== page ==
The bill introductions come as Congress and the White House are expected to negotiate a potential fourth round of stimulus next month for a U.S. economy still battered by the pandemic, with applications for unemployment benefits last week showing only gradual improvement and millions still out of work. Officials have said the next stimulus measure would include additional aid for small businesses that were left out of earlier rounds or are still trying to re-open and recover.
“Many small businesses will continue to struggle in the weeks and months to come,” said Democratic Senator Ben Cardin of Maryland, the top Democrat on the Small Business & Entrepreneurship Committee, in a statement. “Congress must once again act urgently to support our most vulnerable small businesses through this crisis, so our economy can recover as quickly as possible after the pandemic.”
Cardin and Democratic Senators Chris Coons of Delaware and Jeanne Shaheen of New Hampshire introduced the “Prioritized Paycheck Protection Program (P4) Act” that would extend the June 30 deadline to Dec. 30 or longer to apply for a forgivable PPP loan while creating a new option for a second loan for borrowers with 100 employees or fewer that have lost at least half their revenue due to the pandemic. A companion bill is also being introduced in the House.
The PPP, which offers loans of as much as $10 million that can become grants if the proceeds are spent mostly on payroll, is set to expire June 30. As of June 12, the program still had almost $130 billion in funds remaining. Any unused funds would be sent back to the Treasury unless Congress approves another use. The Democrats’ bill would use existing PPP funding to make additional targeted loans.
The Small Business Administration has already approved more than 4.6 million loans totaling more than $513 billion. But lawmakers and groups representing small businesses say firms need more help or were unable to tap relief funding, especially independent contractors, the self-employed and minority-owned and other disadvantaged businesses.
The next phase of assistance for small business is going to be very targeted, particularly at minority firms that are struggling more than white-owned businesses, Republican Senator Marco Rubio of Florida, chairman of the Small Business Committee, said in a video posted on Twitter on Tuesday.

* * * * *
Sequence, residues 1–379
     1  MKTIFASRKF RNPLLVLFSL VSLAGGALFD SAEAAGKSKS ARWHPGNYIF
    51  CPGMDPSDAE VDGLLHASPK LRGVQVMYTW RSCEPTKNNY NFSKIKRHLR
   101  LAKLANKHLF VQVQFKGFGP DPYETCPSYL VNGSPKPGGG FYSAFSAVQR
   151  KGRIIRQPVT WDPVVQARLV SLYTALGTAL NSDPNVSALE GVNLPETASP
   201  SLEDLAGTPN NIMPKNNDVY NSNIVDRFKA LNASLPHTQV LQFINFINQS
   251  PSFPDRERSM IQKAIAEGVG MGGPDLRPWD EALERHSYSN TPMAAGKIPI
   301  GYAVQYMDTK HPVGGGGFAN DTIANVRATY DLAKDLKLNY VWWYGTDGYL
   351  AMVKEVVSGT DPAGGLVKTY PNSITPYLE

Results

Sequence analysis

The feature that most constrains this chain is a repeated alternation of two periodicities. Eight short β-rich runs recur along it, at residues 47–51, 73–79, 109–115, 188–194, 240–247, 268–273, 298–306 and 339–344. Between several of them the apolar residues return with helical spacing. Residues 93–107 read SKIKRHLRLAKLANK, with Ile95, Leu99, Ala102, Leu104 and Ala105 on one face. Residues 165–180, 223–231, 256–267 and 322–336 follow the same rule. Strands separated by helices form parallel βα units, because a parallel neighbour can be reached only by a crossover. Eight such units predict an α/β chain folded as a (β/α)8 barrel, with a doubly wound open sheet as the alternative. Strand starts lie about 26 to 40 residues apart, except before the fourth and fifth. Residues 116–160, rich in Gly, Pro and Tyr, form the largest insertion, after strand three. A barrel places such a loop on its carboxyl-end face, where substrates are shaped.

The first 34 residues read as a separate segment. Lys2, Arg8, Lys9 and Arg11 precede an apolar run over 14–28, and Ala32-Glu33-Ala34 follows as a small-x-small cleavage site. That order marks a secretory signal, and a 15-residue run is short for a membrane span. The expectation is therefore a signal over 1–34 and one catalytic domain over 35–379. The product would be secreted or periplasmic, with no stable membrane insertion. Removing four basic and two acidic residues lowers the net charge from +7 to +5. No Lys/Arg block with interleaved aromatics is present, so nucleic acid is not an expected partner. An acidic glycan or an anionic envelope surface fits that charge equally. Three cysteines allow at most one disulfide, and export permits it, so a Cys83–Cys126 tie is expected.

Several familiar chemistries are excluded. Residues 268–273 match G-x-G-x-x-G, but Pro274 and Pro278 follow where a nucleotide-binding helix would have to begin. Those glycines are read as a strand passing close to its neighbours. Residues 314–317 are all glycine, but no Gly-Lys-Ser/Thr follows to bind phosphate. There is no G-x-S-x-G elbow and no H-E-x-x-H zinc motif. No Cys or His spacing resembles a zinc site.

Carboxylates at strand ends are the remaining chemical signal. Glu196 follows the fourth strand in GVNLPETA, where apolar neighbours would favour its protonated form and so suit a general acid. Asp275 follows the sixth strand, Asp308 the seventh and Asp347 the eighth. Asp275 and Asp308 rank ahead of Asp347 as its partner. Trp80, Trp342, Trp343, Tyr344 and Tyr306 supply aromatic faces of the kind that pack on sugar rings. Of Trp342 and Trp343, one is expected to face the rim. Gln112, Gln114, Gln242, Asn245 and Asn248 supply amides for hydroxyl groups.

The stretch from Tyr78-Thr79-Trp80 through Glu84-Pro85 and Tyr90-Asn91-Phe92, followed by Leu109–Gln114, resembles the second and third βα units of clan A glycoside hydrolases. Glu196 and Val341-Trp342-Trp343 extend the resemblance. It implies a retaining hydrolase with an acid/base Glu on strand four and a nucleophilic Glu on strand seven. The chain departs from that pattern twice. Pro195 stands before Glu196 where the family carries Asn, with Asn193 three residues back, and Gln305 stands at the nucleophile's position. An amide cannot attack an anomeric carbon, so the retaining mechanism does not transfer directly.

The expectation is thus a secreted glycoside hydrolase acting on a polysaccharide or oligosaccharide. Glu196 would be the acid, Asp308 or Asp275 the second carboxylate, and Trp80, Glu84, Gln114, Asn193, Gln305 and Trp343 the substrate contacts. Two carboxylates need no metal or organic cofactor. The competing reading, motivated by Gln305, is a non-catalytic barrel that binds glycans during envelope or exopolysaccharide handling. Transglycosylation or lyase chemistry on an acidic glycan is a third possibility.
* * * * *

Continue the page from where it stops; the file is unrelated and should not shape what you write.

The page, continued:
There was a 41% decline of Black business owners from February to April, and the number of Latinx owners declined by 32% during that time compared with a 17% drop for White owners, according to a study released earlier this month by the National Bureau of Economic Research.
“These disparities can’t stand,” Rubio said. “We have to confront them because what we cannot afford as a nation, especially right now but in general, is an uneven recovery, a recovery that leaves behind people in many cases along the lines of ethnicity and race.”
The PPP has been successful but didn’t adequately meet the need of restaurants, said Republican Senator Roger Wicker of Mississippi, who’s offering a measure with Democratic Representative Earl Blumenaur of Oregon and other lawmakers. The bill, unveiled in a conference call with the Independent Restaurant Coalition, would create a $120 billion “Restaurant Revitalization Fund” in the Treasury Department to provide grants to food service or drinking establishments through Dec. 31.
Wicker said the proposal has bipartisan support that extends to the White House, and that there is a “strong likelihood” of the legislation to be part of the next phase of stimulus being considered next month.
“Saving restaurants is not only key to saving our towns but also reviving our economy,” Wicker said on the call with reporters.
The trade group for independent U.S. restaurants released a study last week saying a $120 billion industry stabilization fund could generate more than $270 billion in economic activity through savings of as much as $57 billion on government programs for the unemployed, as well as additional sales and payroll taxes, benefits in the supply chain and tourism spending.
The industry, which says it employs 11 million workers directly, has faced millions of job losses during the shutdowns, severe hits to revenue and the likelihood that occupancy restrictions will imperil firms for months more even as the economy reopens.
Restaurants are trying to make ends meet when they are only allowed to fill 25% to 50% of their seats while owing rent with invoices for food that are past due, said National Restaurant Association Executive Vice President Sean Kennedy. They’re also paying high prices for safety measures in dining rooms for workers and patrons and “wondering how they will ever find the money to pay for it all,” he said in a statement.
Treasury Secretary Steve Mnuchin said last week the U.S. needs additional fiscal stimulus even as the economy starts to rebound, and that a fourth round of fiscal stimulus should include help for restaurants and travel, retail and leisure businesses, as well as possibly more cash for American families.
Federal Reserve Chairman Jerome Powell urged Congress on Wednesday not to pull back too quickly on federal relief for households and small businesses from the pandemic.
(Updates with Wicker comments from 11th paragraph.)
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